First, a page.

“I explain to these ghosts why I had to bury them this way.”

Published: 11 May 2015 10:00 CET

Abdul Karim Conte, 27, was a first year university student studying mass communications when the Ebola outbreak hit Sierra Leone. Like thousands of others, his studies were suspended while the outbreak raged and case levels climbed. Since the start of the Ebola outbreak, Abdul has been working as a Red Cross safe and dignified burials (SDB) volunteer in Waterloo, in Western Rural Area, about 45 kilometres from the capital Freetown. Although Abdul  and his colleagues have shown courage in the fight against Ebola, he has been emotionally and psychologically affected, as he has seen the full horrors of the crisis unfold and has been excluded by his community. Abdul is learning how to manage his feelings in a positive way and support others through psychological first aid. This is his story.

The general profile of a volunteer in the Red Cross burial team is a young male aged 18-35, perhaps they were a student like me before the outbreak. We would not normally have had contact with bodies because the older relatives would normally wash the corpse and prepare it for burial. Since the outbreak, we have been burying five bodies a day or, at the worst time, ten a day. As I said before, it is not a normal situation for us to see so many dead people. I decided to get involved with the burial team because it was my way of helping my loved ones and country to get back to normal and get rid of Ebola.

We are fighting an unseen enemy. It doesn’t get any easier but we learn how to cope and support each other. We are volunteers and we do this from our commitment to help people and humanity. Prayers are a very important thing for us. When we assemble in the morning, we have our briefing and pray together. We thank God for his protection; so far we have had zero cases of infection in the burial teams in Sierra Leone - something for which I am grateful.

At the start of the outbreak I saw several decomposed corpses. I had flashbacks and my appetite was disturbed for a while. Sometimes I have dreams about the bodies that I have buried in the day and I dream that they are not happy about the way they have been buried because it is not traditional. When I dream this, I explain to these ghosts why I had to bury them this way and I feel that they understand better and are no longer angry with me.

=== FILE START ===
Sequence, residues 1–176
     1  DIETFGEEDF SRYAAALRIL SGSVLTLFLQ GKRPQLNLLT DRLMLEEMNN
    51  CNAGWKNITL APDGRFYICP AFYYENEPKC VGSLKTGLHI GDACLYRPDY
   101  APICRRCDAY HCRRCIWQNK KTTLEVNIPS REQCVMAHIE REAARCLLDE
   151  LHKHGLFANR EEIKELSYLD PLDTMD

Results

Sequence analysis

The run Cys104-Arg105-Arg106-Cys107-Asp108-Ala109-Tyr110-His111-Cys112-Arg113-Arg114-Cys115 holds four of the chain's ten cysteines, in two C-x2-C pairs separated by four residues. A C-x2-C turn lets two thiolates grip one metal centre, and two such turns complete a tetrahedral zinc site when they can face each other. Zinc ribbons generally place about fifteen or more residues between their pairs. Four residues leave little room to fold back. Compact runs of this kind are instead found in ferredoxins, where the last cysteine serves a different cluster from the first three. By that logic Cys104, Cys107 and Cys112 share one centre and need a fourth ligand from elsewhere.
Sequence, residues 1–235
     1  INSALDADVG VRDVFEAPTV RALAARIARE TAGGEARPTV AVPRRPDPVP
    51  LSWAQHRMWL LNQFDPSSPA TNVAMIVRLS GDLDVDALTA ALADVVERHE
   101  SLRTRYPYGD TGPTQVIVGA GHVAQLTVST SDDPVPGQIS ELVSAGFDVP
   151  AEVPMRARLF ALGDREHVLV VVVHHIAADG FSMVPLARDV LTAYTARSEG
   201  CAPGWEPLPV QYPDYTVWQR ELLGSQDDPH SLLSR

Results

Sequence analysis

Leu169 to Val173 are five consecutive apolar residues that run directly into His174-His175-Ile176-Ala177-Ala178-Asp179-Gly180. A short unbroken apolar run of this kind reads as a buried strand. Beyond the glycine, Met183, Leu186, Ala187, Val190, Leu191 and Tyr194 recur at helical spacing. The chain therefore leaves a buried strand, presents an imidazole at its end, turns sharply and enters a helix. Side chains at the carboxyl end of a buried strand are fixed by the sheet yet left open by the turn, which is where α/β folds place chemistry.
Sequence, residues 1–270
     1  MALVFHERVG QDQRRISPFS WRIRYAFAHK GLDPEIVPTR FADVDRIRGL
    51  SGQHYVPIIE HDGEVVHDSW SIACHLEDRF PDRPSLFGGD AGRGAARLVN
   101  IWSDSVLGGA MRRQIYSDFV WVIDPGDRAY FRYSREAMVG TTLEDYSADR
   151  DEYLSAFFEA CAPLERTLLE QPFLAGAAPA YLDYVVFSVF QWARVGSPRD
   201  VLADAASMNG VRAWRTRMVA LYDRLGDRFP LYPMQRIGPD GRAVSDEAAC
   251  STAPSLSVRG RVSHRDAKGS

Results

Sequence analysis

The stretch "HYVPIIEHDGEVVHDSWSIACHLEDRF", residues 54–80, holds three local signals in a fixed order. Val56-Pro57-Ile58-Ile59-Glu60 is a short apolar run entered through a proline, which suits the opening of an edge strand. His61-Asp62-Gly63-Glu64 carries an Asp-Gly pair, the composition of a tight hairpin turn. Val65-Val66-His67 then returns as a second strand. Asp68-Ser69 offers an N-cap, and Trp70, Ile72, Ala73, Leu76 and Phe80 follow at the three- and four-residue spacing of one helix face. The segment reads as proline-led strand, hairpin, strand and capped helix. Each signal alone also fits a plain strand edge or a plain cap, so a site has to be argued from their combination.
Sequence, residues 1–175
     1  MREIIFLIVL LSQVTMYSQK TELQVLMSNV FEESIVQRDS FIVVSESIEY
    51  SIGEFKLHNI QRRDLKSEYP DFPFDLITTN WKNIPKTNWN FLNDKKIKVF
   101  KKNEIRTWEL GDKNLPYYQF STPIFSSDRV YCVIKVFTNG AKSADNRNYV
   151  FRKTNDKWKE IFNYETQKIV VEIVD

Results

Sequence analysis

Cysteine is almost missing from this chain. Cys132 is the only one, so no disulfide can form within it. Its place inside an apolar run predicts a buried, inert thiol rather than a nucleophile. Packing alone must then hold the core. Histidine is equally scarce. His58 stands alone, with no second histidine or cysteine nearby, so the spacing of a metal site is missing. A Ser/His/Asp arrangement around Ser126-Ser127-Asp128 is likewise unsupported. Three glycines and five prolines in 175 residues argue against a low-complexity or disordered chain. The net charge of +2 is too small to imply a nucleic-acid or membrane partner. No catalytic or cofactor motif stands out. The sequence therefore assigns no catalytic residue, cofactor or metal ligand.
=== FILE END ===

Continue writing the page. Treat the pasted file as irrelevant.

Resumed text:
"I would return home in the dark so no one would see me." 

I have not been able to talk to my family or friends about my work, they would be frightened or not understand. At the start of the outbreak, I would return home in the dark so no one would see me. For my own protection and for those close to me, I decided to move out and live alone because I was worried about infecting other people through my work. When people found out that I was working in the burial team, friends didn’t want to visit me and  I started to feel very lonely. I used to play instruments at my church, but when others found out about my work they came to my house and took the instruments away. I was no longer welcome at my church and they accused me of having Ebola. Even the pastor turned away from me. I just couldn’t understand why. It was a lonely time.

One day I was collecting a corpse with the team in Waterloo and heard a different pastor speaking to the community. He blessed us and celebrated our work. It was only then that I realized I should not listen to slander and became more positive. This is something that my colleague, Emmanuel, a driver for the burial team, had been trying to tell me. I just could not understand how my own pastor could reject me while this one embraced me.

My colleagues have become my new family and we talk about our experiences together. We really support each other. Many of us have bad dreams, don’t sleep well or have become isolated from our communities because of our work. We look out for each other. In the mornings if we see that one of our colleagues is tired, we will replace them so that they can rest. We are also able to speak to the psychosocial supporters if we are feeling bad.

I’m currently learning about psychological first aid which is very important for us as the burial team and how the public sees us. We need to be able to understand the needs of the community from where we are collecting the corpse. I have learned about new interaction techniques, the importance of listening and how to ensure we are working together in a team; how to support each other. Learning to deal with stress is important because sometimes we might have problems with our colleagues and we need to know how to listen and relate to them to be able to solve the issues.

After the psychological first aid workshop, I plan to assemble all the other volunteers in Waterloo to encourage them to accept other people’s stress and show them how to support each other by coming together and not isolating themselves.

I think all these techniques will be helpful for me now and also when my life gets back to normal. I hope to go back to study, but I am worried about people’s reactions towards me. We will need support to go back to our normal lives, our lives after Ebola.